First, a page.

On this historic date way back in the year 1960, John Kennedy became the 35th president of the United States of America. It was such a close election, not like the mandate we have all witnessed recently. It has been ascertained that John Kennedy was certainly the right man for the times. The October Cuban Missile Crisis that took place in 1962 would have come to a ghastly conclusion if "Tricky Dick had been at the switch". I firmly believe that God does indeed bless America and that our future is in His hands. We are paying for our folly of the last eight years and now we need a giant fix quick. I think Obama will not disappoint us. Gloom and dooming is not the answer here. If you are disappointed, ask yourself: were you knocking on doors for the opposition , were you manning the telephones--even at a late date? Did you have a campaign sign on your lawn? Did you donate even a little money? As John Kennedy once said "Ask not what your country can do for you, ask what you can do for the country. He also said "If you're not part of the solution, you're hiding behind the problem." Today several landslides happenedv in US History. Ronald Reagan became the Governor of California in 1966. FDR soundly defeated poor Herbert Hoover in 1932. George Bush Sr. blasted Michael Dukakas in 1988-- just twenty years ago. The people speak loudly always. As our dear Saviour said "Judge not, and ye shall not be judged." That commandment is loud and clear. I would not want the cookie cutter of my instant value judgements or opinions to be applied against me-- which will happen at the final judgement. Interestingly, a famous Texas football star is today out of a job because he put negative comments on Face Book about the new president. And today, I was told that two former associates of mine from Ritz Camera have now faced the same penalty. When they objected, the company said "Our customers read the Internet including Face Book and My Space. Your views have tainted our business image when it needs to be bolstered the most." Then came strike two: their unemployment benefits are being challenged. I took out my old Ritz Summary of Procedures and sure enough there was a whole section against portraying yourself or your views in a negative fashion in a public forum. I haven't been with Ritz since July and I still get former customers who stop me and ask how I am. Funny thing is: I don't recognize half of THEM until they give me clues. If you signed that agreement like I did: the company is one hundred percent justified. History will always give us the answers we need. As Benjamin Franklin said "We must doubt our own certainty, just a little bit more." We can only "Have It Our Way" at Burger King.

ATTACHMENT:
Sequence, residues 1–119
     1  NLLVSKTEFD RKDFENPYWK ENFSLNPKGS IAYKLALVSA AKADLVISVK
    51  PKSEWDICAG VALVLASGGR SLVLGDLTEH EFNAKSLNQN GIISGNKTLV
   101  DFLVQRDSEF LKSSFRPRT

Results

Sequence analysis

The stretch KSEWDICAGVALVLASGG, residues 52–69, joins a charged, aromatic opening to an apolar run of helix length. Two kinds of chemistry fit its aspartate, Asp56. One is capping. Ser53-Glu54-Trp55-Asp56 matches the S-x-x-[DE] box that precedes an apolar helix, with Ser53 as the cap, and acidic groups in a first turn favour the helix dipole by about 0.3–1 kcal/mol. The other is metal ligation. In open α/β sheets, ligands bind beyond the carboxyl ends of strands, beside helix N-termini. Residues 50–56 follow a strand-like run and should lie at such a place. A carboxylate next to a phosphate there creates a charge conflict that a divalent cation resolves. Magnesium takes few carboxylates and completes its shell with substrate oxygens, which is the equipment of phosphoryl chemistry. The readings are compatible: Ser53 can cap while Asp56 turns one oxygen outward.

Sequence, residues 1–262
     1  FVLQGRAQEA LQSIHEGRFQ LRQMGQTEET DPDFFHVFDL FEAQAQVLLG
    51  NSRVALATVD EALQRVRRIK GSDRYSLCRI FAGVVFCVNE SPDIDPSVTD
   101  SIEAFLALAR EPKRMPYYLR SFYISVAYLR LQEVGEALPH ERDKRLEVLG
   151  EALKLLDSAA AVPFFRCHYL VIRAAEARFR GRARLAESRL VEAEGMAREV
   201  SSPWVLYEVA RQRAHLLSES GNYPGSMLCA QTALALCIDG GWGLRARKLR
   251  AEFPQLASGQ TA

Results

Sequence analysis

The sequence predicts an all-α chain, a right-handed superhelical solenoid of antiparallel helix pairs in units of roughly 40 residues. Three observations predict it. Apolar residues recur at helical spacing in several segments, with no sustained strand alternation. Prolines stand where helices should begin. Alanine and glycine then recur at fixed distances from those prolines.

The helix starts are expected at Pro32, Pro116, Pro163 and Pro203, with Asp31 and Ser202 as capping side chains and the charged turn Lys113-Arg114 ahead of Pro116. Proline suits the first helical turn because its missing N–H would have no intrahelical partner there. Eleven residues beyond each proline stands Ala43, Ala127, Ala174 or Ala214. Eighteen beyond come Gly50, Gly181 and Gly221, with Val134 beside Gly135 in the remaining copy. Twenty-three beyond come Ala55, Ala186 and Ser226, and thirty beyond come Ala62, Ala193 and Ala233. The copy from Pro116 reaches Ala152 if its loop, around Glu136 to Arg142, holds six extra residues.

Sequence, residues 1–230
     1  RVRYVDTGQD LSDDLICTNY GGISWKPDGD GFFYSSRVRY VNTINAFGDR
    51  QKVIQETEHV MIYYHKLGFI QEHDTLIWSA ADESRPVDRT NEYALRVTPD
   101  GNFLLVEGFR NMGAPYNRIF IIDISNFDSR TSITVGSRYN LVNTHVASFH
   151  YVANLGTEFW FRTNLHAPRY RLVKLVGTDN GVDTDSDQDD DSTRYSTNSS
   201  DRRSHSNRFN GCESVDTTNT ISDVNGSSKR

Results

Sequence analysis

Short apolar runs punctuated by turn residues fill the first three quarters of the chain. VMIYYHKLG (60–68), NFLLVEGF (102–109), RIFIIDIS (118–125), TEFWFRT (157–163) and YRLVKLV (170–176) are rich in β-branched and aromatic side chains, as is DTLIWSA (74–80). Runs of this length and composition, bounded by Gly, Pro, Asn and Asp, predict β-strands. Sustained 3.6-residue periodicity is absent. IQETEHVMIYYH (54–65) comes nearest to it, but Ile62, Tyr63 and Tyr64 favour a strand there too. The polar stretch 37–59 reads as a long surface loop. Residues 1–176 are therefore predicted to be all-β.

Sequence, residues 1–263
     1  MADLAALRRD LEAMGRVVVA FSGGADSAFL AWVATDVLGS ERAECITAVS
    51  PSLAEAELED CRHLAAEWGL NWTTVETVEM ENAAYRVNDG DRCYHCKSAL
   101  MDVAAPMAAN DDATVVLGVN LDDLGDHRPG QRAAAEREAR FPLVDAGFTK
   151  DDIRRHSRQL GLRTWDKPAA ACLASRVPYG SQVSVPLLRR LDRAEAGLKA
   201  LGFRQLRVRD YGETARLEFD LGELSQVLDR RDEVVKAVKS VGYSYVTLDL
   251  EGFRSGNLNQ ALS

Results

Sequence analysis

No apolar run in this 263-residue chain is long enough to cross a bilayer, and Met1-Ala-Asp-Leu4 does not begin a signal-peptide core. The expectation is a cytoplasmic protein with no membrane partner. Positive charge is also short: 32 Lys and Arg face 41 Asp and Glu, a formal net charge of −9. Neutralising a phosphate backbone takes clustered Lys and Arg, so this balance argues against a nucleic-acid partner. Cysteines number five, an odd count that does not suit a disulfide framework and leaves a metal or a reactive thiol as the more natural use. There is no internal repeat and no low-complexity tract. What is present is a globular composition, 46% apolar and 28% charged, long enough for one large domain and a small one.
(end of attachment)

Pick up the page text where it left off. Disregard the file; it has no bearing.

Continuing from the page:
Friday, November 07, 2008